Chronic obstructive pulmonary disease (COPD) is a progressive lung disease, characterised by non-reversible airflow obstruction, mostly affecting middle-aged or elderly people who have smoked . It is projected that COPD will be the third leading cause of death worldwide by 2020 . Currently, treatment is mainly symptomatic and aims to slow down disease progression. The main evidence-based treatments are inhaled agents, such as bronchodilators , and pulmonary rehabilitation . Patients will have periods of no change in symptoms, and this is often considered a stable state.
As the disease progresses the lungs are unable to perform two of their basic functions: to get oxygen to the bloodstream, and to eliminate carbon dioxide. Hypoxia is the presence of low oxygen levels and long-term oxygen therapy (LTOT) is considered in selected patients . Hypercapnia describes a high carbon dioxide level, the presence of which in a stable patient is a poor prognostic sign . When the respiratory system fails like this, a patient could be considered to be in the end stage of their disease. Classically, end-stage COPD would be defined as those patients in the terminal stage of their disease, likely to die within months – a situation that is not always clear . Alternatively, it might be defined as those who have developed chronic respiratory failure and remain symptomatic on maximal therapy, with no hope of cure.
Non-invasive ventilation (NIV) is a method of providing ventilatory support via a mask, without the placement of an endotracheal tube . It is commonly used in the hospital setting as standard care for acutely unwell patients with COPD . As the technology has improved and NIV devices have become less cumbersome, an increasing number of patients have been able to use the devices outside of hospital . This includes patients with chronic respiratory failure due to kyphoscoliosis and neuromuscular disorders, for whom domiciliary NIV is an established treatment. Some centres also advocate NIV in a domiciliary setting for stable COPD patients with chronic hypercapnic respiratory failure. Physiological studies have shown improvements in lung function and carbon dioxide levels thought to be due to eliminating nocturnal hypoventilation . Some evidence suggests that it prevents episodes of recurrent acute hypercapnic respiratory failure and hospital admissions .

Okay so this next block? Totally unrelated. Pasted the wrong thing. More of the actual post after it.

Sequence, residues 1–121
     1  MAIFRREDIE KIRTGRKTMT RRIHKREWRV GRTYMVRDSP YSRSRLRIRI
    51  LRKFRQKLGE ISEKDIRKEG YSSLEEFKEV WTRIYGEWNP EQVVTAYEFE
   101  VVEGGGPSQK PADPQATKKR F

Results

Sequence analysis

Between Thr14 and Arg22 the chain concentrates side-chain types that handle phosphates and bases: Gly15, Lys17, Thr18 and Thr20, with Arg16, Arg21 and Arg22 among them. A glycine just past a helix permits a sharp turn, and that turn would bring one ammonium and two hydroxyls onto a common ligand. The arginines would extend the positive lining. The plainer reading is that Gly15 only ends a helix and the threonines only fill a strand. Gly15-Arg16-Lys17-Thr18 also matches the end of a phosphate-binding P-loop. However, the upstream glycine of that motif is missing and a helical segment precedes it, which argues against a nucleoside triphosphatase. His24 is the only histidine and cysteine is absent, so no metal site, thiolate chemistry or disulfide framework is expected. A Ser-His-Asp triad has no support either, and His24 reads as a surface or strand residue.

However based on a recent systematic review of randomised controlled trials (RCTs), evidence on the benefit of home NIV in this patient group remains inconclusive, particularly regarding long-term outcomes . Variations between the included RCTs in terms of study methods and physiological or clinical outcomes measured, together with a lack of adjustment for clinical variables (such as oxygen use or prior acute NIV use) have limited the conclusions that can be drawn. Furthermore the RCTs, for the most part, appear to have insufficiently long follow-up periods to capture outcomes relating to survival, long-term quality of life (QoL), exacerbations over the long term, adverse events or adherence rates, all of which are important in considering cost-effectiveness. Scoping searches suggest that observational studies may have included larger sample sizes, longer follow-up periods, additional outcome measures and less restrictive inclusion criteria than randomised trials and thus may have wider applicability.
Cost or cost-effectiveness evidence of non-hospital NIV in patients with stable end-stage COPD is sparse. There are no systematic reviews of the cost-effectiveness of non-hospital NIV. Some economic evaluations have been undertaken either in parallel with clinical trials or through audits of patient records [10, 12]. However, they appear not to be based on systematic review of clinical effectiveness, therefore, a robust evaluation of the literature and development of a new economic model is warranted.